In the second part of our series looking at where former players ended up, we track the career of mercurial Italian winger Ivano Bonetti and find out what the former Rovers winger is up to today.
- This article was first published in March 2005 (By Richard Ault)
After starting his career with Atalanta in Italy, Bonetti went on to have spells with Juventus, Sampdoria and Torino before trying his hand in English football. Eyebrows were raised over on the East coast in the summer of 1995 when he joined Grimsby Town on a free transfer.
Bonetti was a massive success with the Mariners and is still held in high regard by many fans there, some even looking upon him as a Town legend. In fact, you can still buy T-shirts today heralding “The Italian One’s” time there. His stint at Blundell Park ended on a sour note after a fall-out with boss Brian Laws following the infamous ‘plate of chicken’ incident.
In August 1998, then Tranmere manager John Aldridge finally convinced the Italian to join Rovers. His skills and flair found favour with the Prenton Park faithful, though he only managed 15 appearances for the whites. The most memorable came in the 4-3 win over Portsmouth at Prenton Park in which he scored a last gasp injury-time winner (below), a game that was shown live on Sky.
Things did not go as well as they may have done though, and less than six months after joining, he was gone, his last appearance as a sub in a game played in dense fog against Norwich City at Prenton Park.
One man who speaks fondly of Bonetti is former Tranmere favourite Pat Nevin, the man whose role Bonetti took in the team upon his arrival in Birkenhead. Speaking to the BBC in 2000, Nevin said: “He was well liked with the players at Tranmere and they have very fond memories of him.”
Nevin also introduced the Italian to Scottish football, something that was to prove vital a few years down the line, when he took Ivano to watch an Old Firm game in 1997. Nevin recalled: “He couldn’t believe the passion. As we came out, he phoned a top Italian international on his mobile and said “you’ve got to come to Scotland and see this’.”
Bonetti later joined Crystal Palace (left) on a monthly contract where he made only two appearances before returning to Italy a few weeks later. There he joined Genoa where he remained until the end of the 1997/98 season.
The friendship of Bonetti and Nevin nearly saw them re-united at club level in England. A consortium looking to take control of Grimsby Town wanted Bonetti to take over as manager at the club, and it was Nevin that Ivano asked to become his assistant at Blundell Park. As it happened, the move fell through, though the pair still hope to work with each other one day.
Bonetti returned to British football in June 2000 in one of the most unlikely places – Dundee. He was appointed player-manager at Dens Park and his brother Dario, who also had a trial with Tranmere previously, came in as his assistant. Dundee fans were not prepared for what they were about to get.
Over the early weeks, Bonetti used his extensive contacts to recruit players from around the World. Four Argentineans, two Georgians, an Italian and a couple of players from China all joined the now cosmopolitan set-up at the club. There were some real coups though, not least Argentinean striker Claudio Caniggia whose move shocked Scottish football and saw Pars matches screened widely across South America as a result.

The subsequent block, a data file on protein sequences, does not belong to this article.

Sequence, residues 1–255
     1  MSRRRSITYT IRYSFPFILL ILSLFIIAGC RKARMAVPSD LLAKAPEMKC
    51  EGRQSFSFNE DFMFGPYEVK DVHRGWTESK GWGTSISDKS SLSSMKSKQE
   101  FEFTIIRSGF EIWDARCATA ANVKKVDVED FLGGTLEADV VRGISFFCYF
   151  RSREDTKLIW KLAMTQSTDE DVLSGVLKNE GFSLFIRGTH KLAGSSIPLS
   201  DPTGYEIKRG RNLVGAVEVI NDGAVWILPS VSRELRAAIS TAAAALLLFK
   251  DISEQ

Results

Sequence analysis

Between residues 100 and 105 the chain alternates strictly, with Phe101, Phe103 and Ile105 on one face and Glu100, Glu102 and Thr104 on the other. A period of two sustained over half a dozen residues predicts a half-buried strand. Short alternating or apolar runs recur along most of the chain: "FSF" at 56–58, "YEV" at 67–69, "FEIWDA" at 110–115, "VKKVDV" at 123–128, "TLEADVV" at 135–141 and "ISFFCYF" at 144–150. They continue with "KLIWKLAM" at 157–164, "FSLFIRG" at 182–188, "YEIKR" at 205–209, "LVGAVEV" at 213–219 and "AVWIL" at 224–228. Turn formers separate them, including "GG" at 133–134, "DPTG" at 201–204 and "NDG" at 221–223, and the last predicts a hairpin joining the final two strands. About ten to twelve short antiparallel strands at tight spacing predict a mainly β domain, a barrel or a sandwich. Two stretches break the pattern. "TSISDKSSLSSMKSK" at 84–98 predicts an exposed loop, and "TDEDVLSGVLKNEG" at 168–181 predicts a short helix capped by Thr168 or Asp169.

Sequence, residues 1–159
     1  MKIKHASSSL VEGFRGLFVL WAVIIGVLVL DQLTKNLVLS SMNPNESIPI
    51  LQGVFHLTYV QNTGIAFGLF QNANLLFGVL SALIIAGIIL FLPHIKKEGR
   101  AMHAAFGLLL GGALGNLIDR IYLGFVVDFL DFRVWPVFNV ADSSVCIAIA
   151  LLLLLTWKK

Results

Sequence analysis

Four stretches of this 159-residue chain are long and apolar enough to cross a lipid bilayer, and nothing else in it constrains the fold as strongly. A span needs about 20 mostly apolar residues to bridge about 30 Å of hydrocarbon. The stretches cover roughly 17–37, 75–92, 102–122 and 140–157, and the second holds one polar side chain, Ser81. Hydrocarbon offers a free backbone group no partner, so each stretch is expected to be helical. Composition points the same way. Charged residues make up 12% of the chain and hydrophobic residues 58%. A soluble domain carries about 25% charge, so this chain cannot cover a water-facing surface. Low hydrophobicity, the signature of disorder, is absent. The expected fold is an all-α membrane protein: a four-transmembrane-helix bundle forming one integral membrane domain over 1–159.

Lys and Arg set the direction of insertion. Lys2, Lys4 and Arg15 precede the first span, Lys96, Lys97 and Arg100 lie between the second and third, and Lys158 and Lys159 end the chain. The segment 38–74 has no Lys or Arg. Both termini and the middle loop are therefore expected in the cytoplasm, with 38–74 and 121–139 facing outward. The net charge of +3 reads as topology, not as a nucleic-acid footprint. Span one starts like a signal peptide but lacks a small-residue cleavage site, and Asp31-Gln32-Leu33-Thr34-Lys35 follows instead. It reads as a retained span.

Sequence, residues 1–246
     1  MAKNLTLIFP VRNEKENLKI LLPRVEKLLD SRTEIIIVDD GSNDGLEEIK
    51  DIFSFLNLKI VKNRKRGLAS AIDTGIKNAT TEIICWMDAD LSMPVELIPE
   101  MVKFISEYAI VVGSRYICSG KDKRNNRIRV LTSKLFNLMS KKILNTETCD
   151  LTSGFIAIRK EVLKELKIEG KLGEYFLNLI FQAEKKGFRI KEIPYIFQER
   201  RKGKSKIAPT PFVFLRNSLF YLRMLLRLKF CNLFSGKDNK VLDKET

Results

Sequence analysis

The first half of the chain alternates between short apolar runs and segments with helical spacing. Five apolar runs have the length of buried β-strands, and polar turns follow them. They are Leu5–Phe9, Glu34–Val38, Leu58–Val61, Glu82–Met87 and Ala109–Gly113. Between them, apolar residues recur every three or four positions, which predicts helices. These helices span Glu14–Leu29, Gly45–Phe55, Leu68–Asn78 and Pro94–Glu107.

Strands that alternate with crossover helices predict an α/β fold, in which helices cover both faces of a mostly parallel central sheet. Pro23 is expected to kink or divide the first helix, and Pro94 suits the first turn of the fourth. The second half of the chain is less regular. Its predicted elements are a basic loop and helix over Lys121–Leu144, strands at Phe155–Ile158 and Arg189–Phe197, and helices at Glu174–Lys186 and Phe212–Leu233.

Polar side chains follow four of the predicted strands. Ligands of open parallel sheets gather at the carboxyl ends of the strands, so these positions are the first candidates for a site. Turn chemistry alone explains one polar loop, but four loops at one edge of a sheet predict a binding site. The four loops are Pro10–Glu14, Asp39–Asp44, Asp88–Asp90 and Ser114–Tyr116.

On the field, it wasn’t the best of starts for Ivano as he was sent off on his debut. Things recovered though, and a roller-coaster season of poor discipline, stunning football and even rumours of Diego Maradona’s arrival built the excitement of the Dundee fans up to fever-pitch, as their team managed to briefly top the SPL.
The first season at Dundee was a wonderful one for Bonetti, finishing in the top six and bringing European football to Dens Park in the form of the Inter-Toto Cup. Despite a couple of high-profile fall-outs with some of his players, Bonetti began negotiations on a new five year contract and slammed a 10m price tag on Scottish midfielder Gavin Rae in light of interest from Chelsea.
The second season was not quite as successful as the previous one, and despite arrivals of the likes of Temuri Ketsbaia, Dundee failed to finish in the top six and rumours of a possible departure from Dens Park for Ivano started to circulate. In July 2002 Bonetti officially left the club by mutual consent, taking brother Dario with him. The club reportedly brought in a London-based agency to try and offload some of Bonetti’s expensive squad.
His match record at Dundee was; Played 90, won 29, lost 40, drawn 21.
He returned home to Riccione in Italy, but he was by no means forgotten in Scotland. Dundee fans will forever remember the time affectionately known as the ‘Bonetti years’ and a side that was labelled as “entertaining underachievers”. He certainly left his mark in Scotland, and was also voted the tenth best foreign manager in Scottish football history, a list that included Wim Jansen, Dick Advocaat and Martin O’Neill.
After a break from the game, Bonetti has now pulled his boots back on again, only in a slightly less serious environment. He is now playing for a team known as ‘Maifredi Team’, a side of former players in Italy coached by Gigi Maifredi.
The team participates on Italian TV show “Quelli che il calcio” each Sunday afternoon during the Serie A games in which they simulate the goals that have been scored for those that haven’t seen them. They also play charity matches, and some of Bonetti’s team-mates include Lamberto Boranga and Massimo Bonini.